I didn’t realize when I stopped to make camp last night that I was just a couple of hundred metres from the top of the mountain, so it was literally all down hill today. It was an easy walk aerobically, but torrid on my knees.

Today has been a most productive one for conversations in English. It fascinates me how I recently have been describing a lack of them and today I was presented with three. First, there were Monica and Matteo, an Italian couple from the north of the country, sitting by the side of the road as I passed. Matteo looked out his down turned window and spoke. He and I talked for about 10 minutes. Monica hardly said a thing. We learned a little about each other and when he asked how far I had come I realized that the location we were speaking I was at the 500km mark. I
had only done the sums while in La Spezia.

My second conversation commenced on the outskirts of Levanto when I was asked directions by three Irish women from Galway, two sisters and their friend. I didn’t get their names. They’d been doing the Cinque Terre, had travelled to Levanto by train and were about to walk back to Monterosso al Mare, the most westerly of the five villages, where they were staying. While I was speaking about the fundraising part of my walk one of the women handed me some Euros towards my goal. I declined, handing her a leaflet and inviting all three to have a look at my website if they wanted to make a donation. I’d earlier given the Italian couple a brochure. I normally just invite people to go to the webiste where it will be obvious they can make a donation. I usually also say that I write a daily blog.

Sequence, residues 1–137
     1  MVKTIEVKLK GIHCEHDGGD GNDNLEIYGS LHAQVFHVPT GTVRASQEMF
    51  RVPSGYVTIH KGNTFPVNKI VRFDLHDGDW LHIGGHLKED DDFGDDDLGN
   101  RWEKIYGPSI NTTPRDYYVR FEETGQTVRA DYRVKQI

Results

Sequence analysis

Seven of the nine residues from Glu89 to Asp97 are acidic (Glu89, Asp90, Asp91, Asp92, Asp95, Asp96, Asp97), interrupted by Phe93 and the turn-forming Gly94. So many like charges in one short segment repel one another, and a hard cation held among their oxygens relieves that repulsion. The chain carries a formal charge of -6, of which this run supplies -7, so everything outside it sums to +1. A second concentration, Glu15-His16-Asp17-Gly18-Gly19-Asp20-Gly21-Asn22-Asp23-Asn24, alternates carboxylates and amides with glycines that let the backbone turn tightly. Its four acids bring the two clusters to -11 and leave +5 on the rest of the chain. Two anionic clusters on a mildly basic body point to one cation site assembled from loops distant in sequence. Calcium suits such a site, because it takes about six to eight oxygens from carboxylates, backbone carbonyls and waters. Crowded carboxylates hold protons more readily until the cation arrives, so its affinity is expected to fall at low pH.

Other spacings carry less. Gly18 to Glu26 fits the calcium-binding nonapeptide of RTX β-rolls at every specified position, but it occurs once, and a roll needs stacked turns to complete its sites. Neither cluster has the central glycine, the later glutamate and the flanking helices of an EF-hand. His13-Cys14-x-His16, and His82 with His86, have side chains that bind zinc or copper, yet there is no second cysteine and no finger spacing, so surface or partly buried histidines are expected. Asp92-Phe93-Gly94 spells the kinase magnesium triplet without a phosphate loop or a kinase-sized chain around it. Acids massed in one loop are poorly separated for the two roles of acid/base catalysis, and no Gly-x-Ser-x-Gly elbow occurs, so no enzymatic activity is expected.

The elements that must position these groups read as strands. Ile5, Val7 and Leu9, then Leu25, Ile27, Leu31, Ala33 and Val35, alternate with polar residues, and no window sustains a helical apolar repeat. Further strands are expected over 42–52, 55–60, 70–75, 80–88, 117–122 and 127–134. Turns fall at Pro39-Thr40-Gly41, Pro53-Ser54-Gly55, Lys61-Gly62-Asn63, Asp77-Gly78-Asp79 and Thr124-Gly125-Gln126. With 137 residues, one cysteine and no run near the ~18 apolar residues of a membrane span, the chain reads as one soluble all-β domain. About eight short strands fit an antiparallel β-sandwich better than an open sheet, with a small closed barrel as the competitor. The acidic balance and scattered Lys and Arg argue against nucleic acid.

After arriving in Levanto I chose a restaurant with outside seating and which had a pasta dish I wanted to eat, in this case spaghetti alle vongoli, a dish I fell in love with in Positano on a visit there in 1987. Already sitting at the table next to mine were Dianna and Richard from Pennsylvania in the USA, who were in the area also to do the Cinque Terra. We chatted for about 45 minutes during lunch. Again, I spoke
about what I was doing, and why. They also got a copy of my brochure. I was still seated as they were leaving. Diana lent over, gave me a hug and wished me well. This friendly gesture made me think that what we say, and sometimes more importantly, how we say it, enables us to connect with people in a way that is not obvious at the time.

Today’s journey was one of panoramic views of mountains, valleys, ravines, cliffs and blue ocean dotted with some of the villages that make up the Cinque Terre which from high up look like dolls houses in pastel shades of yellow, orange, and pink.

The walk from Levanto to Bonassola was a fascinating one. I exited Levanto via a long boardwalk which led to the first of about five tunnels that connect it with my destination. The longest of the tunnels is about one kilometre and all of them are for the exclusive use of pedestrians and cyclists. The trip which I thought was going to take an hour of solid walking took just 35 minutes.

I’ve just had a beautiful meal at my hotel: a set menu of four courses and fruit for
just a��13. One of the dishes was lasagna made with bA�chamel and pesto sauces. Pesto is a specialty of this district. I’m getting used to eating a salad at the end of the meal- quite refreshing and cleansing.

Tomorrow I’ve got a 30km walk to Sestri Levante, but it won’t be an early start because breakfast doesn’t begin until 8.00am. Sometimes we just have to make sacrifices.

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